) in the Ottoman Empire
Ottoman Empire
The Ottoman EmpireIt was usually referred to as the "Ottoman Empire", the "Turkish Empire", the "Ottoman Caliphate" or more commonly "Turkey" by its contemporaries...

 occurred between 1894 and 1897 AD by Turkish
Ottoman Empire
The Ottoman EmpireIt was usually referred to as the "Ottoman Empire", the "Turkish Empire", the "Ottoman Caliphate" or more commonly "Turkey" by its contemporaries...

 troops and their Kurdish
Kurdish people
The Kurdish people, or Kurds , are an Iranian people native to the Middle East, mostly inhabiting a region known as Kurdistan, which includes adjacent parts of Iran, Iraq, Syria, and Turkey...

 henchmen during the rule of Sultan
Sultan
Sultan is a title with several historical meanings. Originally, it was an Arabic language abstract noun meaning "strength", "authority", "rulership", and "dictatorship", derived from the masdar سلطة , meaning "authority" or "power". Later, it came to be used as the title of certain rulers who...

 Abdul Hamid II
Abdul Hamid II
His Imperial Majesty, The Sultan Abdülhamid II, Emperor of the Ottomans, Caliph of the Faithful was the 34th sultan of the Ottoman Empire...

. The motives for these massacres were an attempt to reassert Pan-Islamism
Pan-Islamism
Pan-Islamism is a political movement advocating the unity of Muslims under one Islamic state — often a Caliphate. As a form of religious nationalism, Pan-Islamism differentiates itself from other pan-nationalistic ideologies, for example Pan-Arabism, by excluding culture and ethnicity as primary...

 in the Ottoman Empire, resentment at the comparative wealth of the ancient indigenous Christian communities, and a fear that they would attempt to secede from the tottering Ottoman Empire. Assyrians were massacred in Diyarbakir
Diyarbakir
Diyarbakır is one of the largest cities in southeastern Turkey...

, Hasankeyef, Sivas and other parts of Anatolia, by Sultan Abdul Hamid II. These attacks caused the death of over thousands of Assyrians and the forced "Ottomanisation" of the inhabitants of 245 villages. The Turkish troops looted the remains of the Assyrian settlements and these were later stolen and occupied by Kurds. Unarmed Assyrian women and children were raped, tortured and murdered.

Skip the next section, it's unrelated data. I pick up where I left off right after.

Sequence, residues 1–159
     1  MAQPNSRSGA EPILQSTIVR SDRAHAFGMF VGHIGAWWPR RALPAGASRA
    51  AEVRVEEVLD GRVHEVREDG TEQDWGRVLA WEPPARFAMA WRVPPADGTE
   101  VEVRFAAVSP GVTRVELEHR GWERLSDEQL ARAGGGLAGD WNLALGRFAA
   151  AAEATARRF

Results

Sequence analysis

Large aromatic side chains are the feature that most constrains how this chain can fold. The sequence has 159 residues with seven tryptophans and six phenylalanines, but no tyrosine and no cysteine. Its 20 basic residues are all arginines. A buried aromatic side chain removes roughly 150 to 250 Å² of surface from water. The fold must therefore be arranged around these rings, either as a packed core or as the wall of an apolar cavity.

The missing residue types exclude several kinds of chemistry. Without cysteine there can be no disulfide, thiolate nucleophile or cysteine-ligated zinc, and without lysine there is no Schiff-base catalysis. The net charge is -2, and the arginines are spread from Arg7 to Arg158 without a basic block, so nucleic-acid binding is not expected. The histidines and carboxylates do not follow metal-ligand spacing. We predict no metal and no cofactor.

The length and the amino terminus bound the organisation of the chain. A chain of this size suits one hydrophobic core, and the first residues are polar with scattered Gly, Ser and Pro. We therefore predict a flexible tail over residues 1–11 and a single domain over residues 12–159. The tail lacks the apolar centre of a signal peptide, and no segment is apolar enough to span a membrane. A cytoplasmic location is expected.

Assyrian genocide



The most significant recent persecution against the Assyrian population was the Assyrian genocide
Assyrian genocide
The Assyrian Genocide refers to the mass slaughter of the Assyrian/Chaldean/Syriac population of the Ottoman Empire during the 1890s, the First World War, and the period of 1922-1925...

, which occurred at the onset of the First World War (1914-1918 AD). Between 500,000 and 750,000 Assyrians were estimated to have been slaughtered by the armies of the Ottoman Empire
Ottoman Empire
The Ottoman EmpireIt was usually referred to as the "Ottoman Empire", the "Turkish Empire", the "Ottoman Caliphate" or more commonly "Turkey" by its contemporaries...

 and their Kurdish
Kurdish people
The Kurdish people, or Kurds , are an Iranian people native to the Middle East, mostly inhabiting a region known as Kurdistan, which includes adjacent parts of Iran, Iraq, Syria, and Turkey...

 allies, totalling up to two-thirds of the entire population. This led to a large-scale resettlement of Turkish based Assyrian people in countries such as Syria, Iran and Iraq (where they suffered further violent assaults at the hands of the Arabs), as well as other neighbouring countries in and around the Middle East such as Armenia
Armenia
Armenia , officially the Republic of Armenia , is a landlocked mountainous country in the Caucasus region of Eurasia...

, Republic of Georgia and Russia
Russia
Russia or , officially known as both Russia and the Russian Federation , is a country in northern Eurasia. It is a federal semi-presidential republic, comprising 83 federal subjects...

.

Simele massacre



The Simele Massacre
Simele massacre
The Simele Massacre was a massacre committed by the armed forces of the Kingdom of Iraq during the systematic targeting of Assyrians in northern Iraq in August 1933...

 was the first of many massacres committed by the Iraqi Government during the systematic targeting of Assyrians of Northern Iraq in August 1933. The term is used to describe not only the massacre of Simele, but also the killing spree that continued among 63 Assyrian villages in the Dohuk and Mosul
Mosul
Mosul , is a city in northern Iraq and the capital of the Ninawa Governorate, some northwest of Baghdad. The original city stands on the west bank of the Tigris River, opposite the ancient Assyrian city of Nineveh on the east bank, but the metropolitan area has now grown to encompass substantial...

 districts that led to the deaths of an estimated 3,000 or more civilian Assyrians.

Arab Ba'athist persecution


The Ba'ath Party seized power in Iraq
February 1963 Iraqi coup d'état
The February 1963 Iraqi coup d'état was a February 8, 1963 armed military coup by the Ba'ath Party's Iraqi wing which overthrew the regime of the Prime Minister of Iraq, Brigadier General Abd al-Karim Qasim. General Ahmed Hasan al-Bakr became the new Prime Minister and Colonel Abdul Salam Arif...